H: Kadenze is an arts and creative technology-focused MOOC platform. Our #1 mission is to expand access to world-class education—in the fields of art and creative technology. The Kadenze team is a community of artists that partner with instructors from leading universities and institutions, to teach the next generation of creatives. This is also an experiment on how we can use cutting edge tools to re-imagine what the future of creative education can be. What we provide is a community where people can learn new skills, share their work, and discuss one another’s work.


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Arts Career Pipeline: Anthony Quinn Foundation Scholarship

Marshall Ayers Arts Resources, High School, Opportunities, Student Resources

The Anthony Quinn Foundation Scholarship (AQF) is Awarded to California State Summer School for the Arts (CSSSA) Alum

What happens when a high school artist has learning experiences that build one on top of another? A pipeline to a career in the arts begins. In 2013 Erin Stoodley was a high school sophomore and attended the CSSSA in Creative Writing. Through that connection Erin, now a senior, has been selected to receive the 2016 Anthony Quinn Foundation Scholarship. Like pearls on a necklace, a foundation for a career in the arts was made.

The AQF Scholarship Program is the signature initiative of the Anthony Quinn Foundation and was established to help young high school-aged artists – of all creative disciplines – attend intensive summer arts programs.

Ten students have been selected by a panel of judges from among hundreds of applicants hailing from around the globe.

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Arts for LA Joins LA Youth Vote

Marshall Ayers Beyond, College, Events, High School, Opportunities, Sponsors, Student Resources

Arts for LA partners with the LA Youth Vote campaign. 

Screen Shot 2016-03-31 at 2.23.15 PMStudent voices matter! High school students and young people have the power to ignite change and impact elections. Are you ready to express your voice and vote? I believe every single voice matters and it’s up to us to use that voice to create the society we want to see. I’m Cristina Pacheco, the Director of Programs at Arts for LA where I train community arts advocates in areas of policy, leadership, coalition building, and communication. I’m also a musician and creative and I vote. I believe especially as artists we have a platform to use our work to inspire others to action.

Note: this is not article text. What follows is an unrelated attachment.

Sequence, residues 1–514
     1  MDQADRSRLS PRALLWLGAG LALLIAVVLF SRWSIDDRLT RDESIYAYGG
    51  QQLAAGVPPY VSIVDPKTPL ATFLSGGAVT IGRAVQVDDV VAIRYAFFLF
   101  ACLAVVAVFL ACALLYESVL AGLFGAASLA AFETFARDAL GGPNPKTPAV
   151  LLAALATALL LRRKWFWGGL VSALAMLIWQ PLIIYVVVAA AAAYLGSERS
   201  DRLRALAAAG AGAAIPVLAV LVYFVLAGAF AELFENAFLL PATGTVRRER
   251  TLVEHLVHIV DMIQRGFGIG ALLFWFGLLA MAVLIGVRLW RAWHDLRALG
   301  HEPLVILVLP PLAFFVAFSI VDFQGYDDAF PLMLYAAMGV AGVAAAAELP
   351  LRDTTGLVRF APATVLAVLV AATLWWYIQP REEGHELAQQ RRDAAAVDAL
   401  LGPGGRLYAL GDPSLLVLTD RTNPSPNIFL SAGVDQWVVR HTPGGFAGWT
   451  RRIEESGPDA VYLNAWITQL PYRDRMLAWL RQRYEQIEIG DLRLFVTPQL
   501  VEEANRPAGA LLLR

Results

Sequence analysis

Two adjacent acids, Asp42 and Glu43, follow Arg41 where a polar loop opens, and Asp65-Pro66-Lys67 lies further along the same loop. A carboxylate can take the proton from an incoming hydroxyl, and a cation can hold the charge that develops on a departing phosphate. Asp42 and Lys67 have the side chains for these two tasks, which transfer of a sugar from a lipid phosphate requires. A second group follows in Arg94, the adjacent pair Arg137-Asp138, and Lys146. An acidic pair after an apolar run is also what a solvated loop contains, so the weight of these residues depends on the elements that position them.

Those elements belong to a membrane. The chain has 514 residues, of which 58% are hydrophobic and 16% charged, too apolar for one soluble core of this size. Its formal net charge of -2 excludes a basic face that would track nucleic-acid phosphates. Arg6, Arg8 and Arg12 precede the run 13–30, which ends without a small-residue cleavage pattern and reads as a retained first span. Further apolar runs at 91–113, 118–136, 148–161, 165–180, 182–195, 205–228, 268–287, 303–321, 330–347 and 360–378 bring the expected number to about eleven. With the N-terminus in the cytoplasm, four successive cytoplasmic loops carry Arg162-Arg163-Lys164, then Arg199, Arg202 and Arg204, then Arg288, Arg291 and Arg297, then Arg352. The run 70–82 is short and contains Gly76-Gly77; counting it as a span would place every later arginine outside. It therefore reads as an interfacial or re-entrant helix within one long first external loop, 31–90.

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USC Glorya Kaufman School of Dance Student Profile Madison Vomastek

Samantha Jacobs Artist Profiles, College, Dance, Dance, High School, Performing Arts, Performing Arts, Student Resources

USC Glorya Kaufman School of Dance Spring Dance Performance April 28 and 29

Los Angeles is known as one of the arts capitals of the U.S., but for a long time, one of LA’s most prominent schools did not feature a dance department. That all changed in 2012 when Glorya Kaufman founded the USC Glorya Kaufman School of Dance. The school offers a Bachelor of Fine Arts in Dance, as well as two dance minors, and it has already become a revered school among the USC and overall dance community and in the fall of 2016, classes will be held in the state-of-the-art Glorya Kaufman International Dance Center. Madison Vomastek is a freshman at USC and is in the inaugural BFA class program, and answered some questions about her experience as a dancer and her time at Kaufman.

Samantha Jacobs: How did you get started in dance?

Madison Vomastek: As a young child I always had a creative mindset and my mother noticed that I was highly active and she put me in dance to get me to focus and learn how to be disciplined. I started dancing when I was three years old with Company Dance Traverse in Traverse City, MI under the direction of Betsy Carr. I continued to dance with them for twelve years and I started spending my summers away from home at age eleven to travel and study at different summer intensives. Traveling and seeing different genres of dance showed me that dancing and performing was something I wanted to pursue. As my passion increased I started to look at performing arts schools to further my education and technique. When I was fifteen years old I spent five weeks at Walnut Hill School for the Arts located in Boston, MA and was asked to stay for the following two years of my high school career. Upon graduating from Walnut Hill School for the Arts in 2015 I moved to Los Angeles to be a part of the inaugural class at USC Kaufman School of Dance under the direction of Jodie Gates and William Forsythe.